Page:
Position of peripheral venous cannulae and the incidence of thrombophlebitis: an observational study

J Adv Nurs. 2009 Jun;65(6):1268-73. doi: 10.1111/j.1365-2648.2009.04980.x. Epub 2009 Apr 3.


Aim: This paper is a report of a study conducted to investigate the most suitable location of peripheral venous cannulae to reduce the incidence of thrombophlebitis.

Background: Peripheral intravenous cannulae are used for vascular access, but the site of insertion and size of the cannula could expose patients to local and systemic infectious complications. Small cannula size is an important factor in reducing the incidence of thrombophlebitis, but cannula location has not yet been studied. Evidence-based knowledge on how to prevent these complications is needed.

Method: An observational survey carried out was carried out in 2007 with 427 patients in one Italian hospital. A structured observation protocol was used to survey the frequency of thrombophlebitis and the relationship of location and size of peripheral intravenous cannulae. The variables evaluated were age, gender, cannula size and site of cannula location. Chi-square or Student t tests were used, and the adjusted odds ratios and relative 95% confidence intervals are reported.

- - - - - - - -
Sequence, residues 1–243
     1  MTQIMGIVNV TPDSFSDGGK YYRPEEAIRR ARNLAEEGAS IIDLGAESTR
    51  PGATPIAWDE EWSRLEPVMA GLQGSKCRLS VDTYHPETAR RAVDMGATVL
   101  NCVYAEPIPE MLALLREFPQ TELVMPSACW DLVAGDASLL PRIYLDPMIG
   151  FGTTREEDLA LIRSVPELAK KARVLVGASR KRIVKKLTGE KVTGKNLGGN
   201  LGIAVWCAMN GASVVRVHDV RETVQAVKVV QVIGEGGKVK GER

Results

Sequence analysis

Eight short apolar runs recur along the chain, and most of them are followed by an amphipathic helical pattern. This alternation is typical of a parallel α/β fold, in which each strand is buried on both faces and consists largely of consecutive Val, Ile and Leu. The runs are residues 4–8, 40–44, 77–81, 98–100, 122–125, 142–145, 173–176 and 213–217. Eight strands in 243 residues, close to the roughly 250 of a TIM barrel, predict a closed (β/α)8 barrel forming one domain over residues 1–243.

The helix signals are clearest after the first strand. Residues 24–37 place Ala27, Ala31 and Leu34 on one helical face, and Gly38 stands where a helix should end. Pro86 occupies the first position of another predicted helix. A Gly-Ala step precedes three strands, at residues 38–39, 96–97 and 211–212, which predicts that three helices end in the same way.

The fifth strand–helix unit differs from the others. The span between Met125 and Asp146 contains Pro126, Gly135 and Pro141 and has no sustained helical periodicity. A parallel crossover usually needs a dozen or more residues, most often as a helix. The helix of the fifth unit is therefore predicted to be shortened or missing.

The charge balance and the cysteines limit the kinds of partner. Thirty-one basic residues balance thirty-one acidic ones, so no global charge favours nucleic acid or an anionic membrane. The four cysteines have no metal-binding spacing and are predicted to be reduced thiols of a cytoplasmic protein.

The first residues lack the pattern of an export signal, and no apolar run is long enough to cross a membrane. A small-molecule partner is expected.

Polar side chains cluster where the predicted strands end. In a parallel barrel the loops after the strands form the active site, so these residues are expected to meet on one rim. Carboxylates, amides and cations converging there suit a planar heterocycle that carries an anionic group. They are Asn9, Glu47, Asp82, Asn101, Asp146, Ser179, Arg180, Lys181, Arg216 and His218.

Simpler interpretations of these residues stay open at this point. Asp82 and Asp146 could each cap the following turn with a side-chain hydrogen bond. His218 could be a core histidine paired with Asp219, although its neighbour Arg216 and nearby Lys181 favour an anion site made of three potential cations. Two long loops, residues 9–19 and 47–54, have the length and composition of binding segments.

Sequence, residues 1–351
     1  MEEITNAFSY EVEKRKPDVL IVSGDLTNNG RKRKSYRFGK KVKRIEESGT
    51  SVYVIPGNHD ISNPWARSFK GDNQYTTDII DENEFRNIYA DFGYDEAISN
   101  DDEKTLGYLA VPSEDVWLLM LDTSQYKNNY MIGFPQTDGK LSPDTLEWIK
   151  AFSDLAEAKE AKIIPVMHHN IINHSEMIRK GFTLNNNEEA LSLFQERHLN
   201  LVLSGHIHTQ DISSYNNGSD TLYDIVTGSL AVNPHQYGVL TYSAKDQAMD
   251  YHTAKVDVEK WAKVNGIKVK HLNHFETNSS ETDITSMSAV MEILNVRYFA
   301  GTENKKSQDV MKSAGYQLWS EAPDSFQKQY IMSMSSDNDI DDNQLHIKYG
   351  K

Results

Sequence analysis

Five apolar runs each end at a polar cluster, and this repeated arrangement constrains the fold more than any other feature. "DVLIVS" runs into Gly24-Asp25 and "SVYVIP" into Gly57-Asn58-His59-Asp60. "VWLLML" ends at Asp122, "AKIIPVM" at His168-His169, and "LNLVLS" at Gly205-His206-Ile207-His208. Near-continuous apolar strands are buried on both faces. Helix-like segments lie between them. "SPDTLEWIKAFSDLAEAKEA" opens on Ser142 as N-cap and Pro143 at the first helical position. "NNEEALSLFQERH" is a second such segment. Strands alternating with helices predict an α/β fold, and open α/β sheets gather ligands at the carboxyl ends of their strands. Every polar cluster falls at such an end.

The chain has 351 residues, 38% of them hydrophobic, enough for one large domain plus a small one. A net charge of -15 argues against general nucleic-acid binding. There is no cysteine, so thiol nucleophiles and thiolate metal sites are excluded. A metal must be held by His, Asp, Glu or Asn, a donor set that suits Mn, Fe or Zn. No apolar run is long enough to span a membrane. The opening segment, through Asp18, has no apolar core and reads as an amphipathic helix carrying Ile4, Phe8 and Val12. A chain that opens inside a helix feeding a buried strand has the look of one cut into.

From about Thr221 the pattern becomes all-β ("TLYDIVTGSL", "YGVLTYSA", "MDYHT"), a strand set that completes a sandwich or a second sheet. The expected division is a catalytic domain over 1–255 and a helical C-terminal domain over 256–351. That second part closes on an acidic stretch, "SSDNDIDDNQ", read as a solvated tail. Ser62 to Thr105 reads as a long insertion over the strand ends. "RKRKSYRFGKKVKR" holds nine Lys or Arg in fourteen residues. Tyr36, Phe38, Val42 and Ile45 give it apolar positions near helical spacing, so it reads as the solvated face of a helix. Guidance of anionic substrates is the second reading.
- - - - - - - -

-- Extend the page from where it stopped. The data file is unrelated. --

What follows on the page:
Results: The frequency of peripheral intravenous cannulae thrombophlebitis was higher in females (OR:1.91;CI:1.20-3.03;P < 0.006). The highest incidence was found in patients with cannulae inserted in the dorsal side of the hand veins compared to those with cannulae inserted in cubital fossa veins (OR:3.33;CI:1.37-8.07; P < 0.001).

Conclusion: The use of cubital fossa veins rather than forearm and hand veins should be encouraged to reduce the risk of thrombophlebitis in patients with peripheral intravenous cannulae.

MeSH terms

  • Adult
  • Arm / blood supply
  • Catheterization, Peripheral / adverse effects*
  • Catheterization, Peripheral / methods*
  • Catheterization, Peripheral / nursing
  • Catheters, Indwelling / adverse effects
  • Clinical Nursing Research
  • Female
  • Humans
  • Male
  • Middle Aged
  • Severity of Illness Index
  • Sex Factors
  • Thrombophlebitis / epidemiology*
  • Thrombophlebitis / etiology
  • Thrombophlebitis / prevention & control